Instead of borrowing as much as you possibly can with a private student loan from Sallie Mae, it makes more sense to leverage the federal Stafford loan program for all it’s worth. Regardless of borrower creditworthiness, unsubsidized direct federal loans come with fixed interest rates much lower than the rates for which most Sallie Mae borrowers qualify.
So you can reduce the total cost of your college education by taking out the maximum unsubsidized direct federal loan amount for each year you’re in school. Once you’ve used up your direct loan eligibility for the year, you can use a Sallie Mae student loan to cover the difference.
3. Variable Interest Rates Create Some Uncertainty for Borrowers
On the global markets, interest rates fluctuate constantly. Monthly interest rates on Sallie Mae student loans with variable interest — which many borrowers choose to take advantage of low starting rates — are tied to the one-month Libor. That means their rates can change as much as once per month. In economic environments where interest rates rise consistently, they can go up as often as 12 times per year.
4. No Deferred Repayment Option for Career Training Loan
The deferred repayment option on the graduate and undergraduate versions of Sallie Mae’s student loan product gives cash-strapped students the option to make no loan payments until six months after graduating from school. That arrangement increases the total loan cost by allowing unpaid interest to accrue for the years that the borrower remains in school. But many borrowers appreciate the flexibility it provides.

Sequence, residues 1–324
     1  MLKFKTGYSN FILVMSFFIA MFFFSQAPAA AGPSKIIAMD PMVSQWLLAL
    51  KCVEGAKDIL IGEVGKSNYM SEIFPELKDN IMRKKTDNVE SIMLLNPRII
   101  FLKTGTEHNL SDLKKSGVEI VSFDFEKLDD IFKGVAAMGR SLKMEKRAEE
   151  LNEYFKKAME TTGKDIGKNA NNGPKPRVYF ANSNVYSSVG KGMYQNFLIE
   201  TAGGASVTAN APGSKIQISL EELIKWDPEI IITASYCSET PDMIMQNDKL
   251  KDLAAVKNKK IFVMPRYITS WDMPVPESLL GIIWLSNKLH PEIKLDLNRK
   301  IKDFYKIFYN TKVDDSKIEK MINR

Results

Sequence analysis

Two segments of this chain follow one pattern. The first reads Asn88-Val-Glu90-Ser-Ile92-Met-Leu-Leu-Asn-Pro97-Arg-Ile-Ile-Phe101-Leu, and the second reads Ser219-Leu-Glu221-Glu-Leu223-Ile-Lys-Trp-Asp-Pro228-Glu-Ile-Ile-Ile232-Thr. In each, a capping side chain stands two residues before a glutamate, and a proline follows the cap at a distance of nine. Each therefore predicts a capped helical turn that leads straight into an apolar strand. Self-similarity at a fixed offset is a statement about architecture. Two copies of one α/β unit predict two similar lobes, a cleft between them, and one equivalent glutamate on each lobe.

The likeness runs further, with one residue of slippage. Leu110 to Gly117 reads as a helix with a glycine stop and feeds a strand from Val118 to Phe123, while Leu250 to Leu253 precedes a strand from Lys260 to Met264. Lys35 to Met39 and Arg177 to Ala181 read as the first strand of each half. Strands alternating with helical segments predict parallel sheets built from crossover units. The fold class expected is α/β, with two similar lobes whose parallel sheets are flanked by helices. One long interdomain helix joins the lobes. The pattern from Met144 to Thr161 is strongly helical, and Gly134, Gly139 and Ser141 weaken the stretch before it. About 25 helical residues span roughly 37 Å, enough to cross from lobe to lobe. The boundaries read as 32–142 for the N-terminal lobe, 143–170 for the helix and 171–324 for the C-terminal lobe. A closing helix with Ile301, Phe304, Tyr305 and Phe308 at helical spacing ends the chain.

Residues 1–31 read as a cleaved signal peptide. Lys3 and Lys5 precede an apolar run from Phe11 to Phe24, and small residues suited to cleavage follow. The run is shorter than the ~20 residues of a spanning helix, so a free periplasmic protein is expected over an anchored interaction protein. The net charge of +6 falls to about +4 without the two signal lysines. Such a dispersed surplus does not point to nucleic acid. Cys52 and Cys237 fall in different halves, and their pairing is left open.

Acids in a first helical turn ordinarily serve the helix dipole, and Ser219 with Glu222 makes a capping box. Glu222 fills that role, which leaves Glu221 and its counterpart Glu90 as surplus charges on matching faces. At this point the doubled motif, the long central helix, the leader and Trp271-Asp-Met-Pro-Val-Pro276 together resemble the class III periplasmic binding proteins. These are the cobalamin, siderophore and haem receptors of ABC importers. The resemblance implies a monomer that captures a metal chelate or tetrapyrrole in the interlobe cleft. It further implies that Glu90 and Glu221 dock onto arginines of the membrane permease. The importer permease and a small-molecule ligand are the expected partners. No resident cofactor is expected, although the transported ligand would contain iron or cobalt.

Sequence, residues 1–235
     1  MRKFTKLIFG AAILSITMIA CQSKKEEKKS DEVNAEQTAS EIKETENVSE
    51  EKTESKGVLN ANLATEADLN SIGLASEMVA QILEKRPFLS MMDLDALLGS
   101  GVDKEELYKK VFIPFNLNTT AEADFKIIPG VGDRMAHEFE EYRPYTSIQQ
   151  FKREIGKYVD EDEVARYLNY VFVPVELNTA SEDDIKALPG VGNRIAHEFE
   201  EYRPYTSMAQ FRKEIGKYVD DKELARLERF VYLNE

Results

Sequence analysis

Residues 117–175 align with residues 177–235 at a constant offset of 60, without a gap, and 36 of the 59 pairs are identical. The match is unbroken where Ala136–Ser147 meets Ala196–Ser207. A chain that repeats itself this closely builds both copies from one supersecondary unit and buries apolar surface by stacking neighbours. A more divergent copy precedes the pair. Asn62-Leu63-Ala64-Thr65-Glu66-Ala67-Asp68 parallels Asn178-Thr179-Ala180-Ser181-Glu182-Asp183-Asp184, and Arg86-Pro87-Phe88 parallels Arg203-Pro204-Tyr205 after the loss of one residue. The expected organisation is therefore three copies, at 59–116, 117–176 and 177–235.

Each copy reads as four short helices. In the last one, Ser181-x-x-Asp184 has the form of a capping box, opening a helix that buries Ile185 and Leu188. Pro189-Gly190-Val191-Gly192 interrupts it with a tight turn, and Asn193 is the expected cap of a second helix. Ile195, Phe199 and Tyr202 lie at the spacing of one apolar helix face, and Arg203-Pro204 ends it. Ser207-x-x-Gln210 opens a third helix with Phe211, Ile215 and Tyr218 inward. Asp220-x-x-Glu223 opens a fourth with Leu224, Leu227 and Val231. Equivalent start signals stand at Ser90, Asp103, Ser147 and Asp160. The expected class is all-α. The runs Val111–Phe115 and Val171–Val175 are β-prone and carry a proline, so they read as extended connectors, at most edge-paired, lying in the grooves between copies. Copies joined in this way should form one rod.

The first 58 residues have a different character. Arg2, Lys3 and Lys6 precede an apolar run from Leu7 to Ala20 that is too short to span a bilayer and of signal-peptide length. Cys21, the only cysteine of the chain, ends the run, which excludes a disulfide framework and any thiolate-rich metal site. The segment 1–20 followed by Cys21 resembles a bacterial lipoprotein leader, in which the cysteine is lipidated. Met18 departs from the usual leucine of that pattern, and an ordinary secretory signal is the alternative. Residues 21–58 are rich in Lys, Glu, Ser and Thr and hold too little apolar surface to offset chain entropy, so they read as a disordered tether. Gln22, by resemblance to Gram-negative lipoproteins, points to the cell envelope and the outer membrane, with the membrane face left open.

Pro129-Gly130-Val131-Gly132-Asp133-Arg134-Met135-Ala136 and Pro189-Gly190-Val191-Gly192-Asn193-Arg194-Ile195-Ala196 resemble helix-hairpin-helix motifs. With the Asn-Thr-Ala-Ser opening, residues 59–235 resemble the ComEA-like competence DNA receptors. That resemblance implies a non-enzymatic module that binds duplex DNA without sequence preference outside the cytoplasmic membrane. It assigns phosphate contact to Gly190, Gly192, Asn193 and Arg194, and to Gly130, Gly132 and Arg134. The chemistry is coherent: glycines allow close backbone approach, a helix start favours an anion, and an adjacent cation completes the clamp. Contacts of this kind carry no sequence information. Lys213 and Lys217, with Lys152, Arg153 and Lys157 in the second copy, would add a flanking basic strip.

However, there’s no such option for career-track students who take out a career training loan with Sallie Mae. If you use a Sallie Mae student loan to pay for a vocational certificate, you must choose either the fixed or interest repayment option. Both require you to make some payments while you’re in school, potentially reducing the amount you have to spend on housing, school supplies, food, and entertainment.
Sallie Mae built its reputation as a student lender, and it continues to service millions of loans for students of all ages. With three varieties that serve undergraduates, graduate students, and career training students, the company’s private student loan is the most visible and popular offering in its loan portfolio.
All three varieties of Sallie Mae’s student loans allow you to borrow up to 100% of your total tuition and enhance your financial flexibility by choosing from two or three repayment programs. They also offer valuable perks like interest rate discounts when you opt into autopay.
But it’s worth noting that Sallie Mae’s repayment terms are shorter than those of the federal PLUS loans. And if you’re looking to obtain a career-specific vocational certificate in preparation for a future-focused career, you should also be aware that its career training student loan forces you to accept a variable interest rate and carries generally constrained repayment terms.